The principal components of a synchronous motor are the stator and the rotor. The stator of synchronous motor and stator of induction motor are similar in construction. With the wound-rotor synchronous doubly fed electric machine as the exception, the stator frame contains wrapper plate. Circumferential ribs and keybars are attached to the wrapper plate. To carry the weight of the machine, frame mounts and footings are required. When the field winding is excited by DC excitation, brushes and slip rings are required to connect to the excitation supply. The field winding can also be excited by a brushless exciter. Cylindrical, round rotors, (also known as non salient pole rotor) are used for up to six poles. In some machines or when a large number of poles are needed, a salient pole rotor is used. The construction of synchronous motor is similar to that of a synchronous alternator.
The operation of a synchronous motor is due to the interaction of the magnetic fields of the stator and the rotor. Its stator winding, which consists of a 3 phase winding, is provided with a 3 phase supply, and the rotor is provided with a DC supply. The 3 phase stator winding carrying 3 phase currents produces 3 phase rotating magnetic flux (and therefore a rotating magnetic field). The rotor locks in with the rotating magnetic field and rotates along with it. Once the rotor field locks in with the rotating magnetic field, the motor is said to be in synchronization. A single-phase (or two-phase derived from single phase) stator winding is possible, but in this case the direction of rotation is not defined and the machine may start in either direction unless prevented from doing so by the starting arrangements.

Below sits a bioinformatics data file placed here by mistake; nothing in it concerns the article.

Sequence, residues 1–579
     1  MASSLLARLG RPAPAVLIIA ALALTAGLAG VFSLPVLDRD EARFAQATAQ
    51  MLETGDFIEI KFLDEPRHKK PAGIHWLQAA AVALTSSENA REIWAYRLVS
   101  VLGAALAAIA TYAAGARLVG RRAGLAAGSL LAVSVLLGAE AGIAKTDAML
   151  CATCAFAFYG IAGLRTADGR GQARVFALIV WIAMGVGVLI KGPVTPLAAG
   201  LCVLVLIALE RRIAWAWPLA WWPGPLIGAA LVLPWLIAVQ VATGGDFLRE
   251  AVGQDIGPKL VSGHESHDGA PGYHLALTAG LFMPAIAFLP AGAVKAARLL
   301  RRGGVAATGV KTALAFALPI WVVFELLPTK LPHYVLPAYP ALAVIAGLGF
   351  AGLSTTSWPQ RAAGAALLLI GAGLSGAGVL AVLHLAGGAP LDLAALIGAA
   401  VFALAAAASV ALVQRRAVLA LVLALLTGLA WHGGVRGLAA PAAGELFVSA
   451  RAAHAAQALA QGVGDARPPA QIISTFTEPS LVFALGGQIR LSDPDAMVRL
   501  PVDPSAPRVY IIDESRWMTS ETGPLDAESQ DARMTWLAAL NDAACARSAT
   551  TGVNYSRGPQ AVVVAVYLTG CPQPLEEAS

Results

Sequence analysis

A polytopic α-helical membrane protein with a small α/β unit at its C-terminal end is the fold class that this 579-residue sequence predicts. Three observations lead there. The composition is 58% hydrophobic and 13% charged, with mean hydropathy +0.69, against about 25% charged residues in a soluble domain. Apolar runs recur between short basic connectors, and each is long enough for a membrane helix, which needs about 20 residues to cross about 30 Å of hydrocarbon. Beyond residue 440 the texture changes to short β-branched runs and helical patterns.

Once the motor is in operation, the speed of the motor is dependent only on the supply frequency. When the motor load is increased beyond the breakdown load, the motor falls out of synchronization and the field winding no longer follows the rotating magnetic field. Since the motor cannot produce (synchronous) torque if it falls out of synchronization, practical synchronous motors have a partial or complete squirrel-cage damper (amortisseur) winding to stabilize operation and facilitate starting. Because this winding is smaller than that of an equivalent induction motor and can overheat on long operation, and because large slip-frequency voltages are induced in the rotor excitation winding, synchronous motor protection devices sense this condition and interrupt the power supply (out of step protection).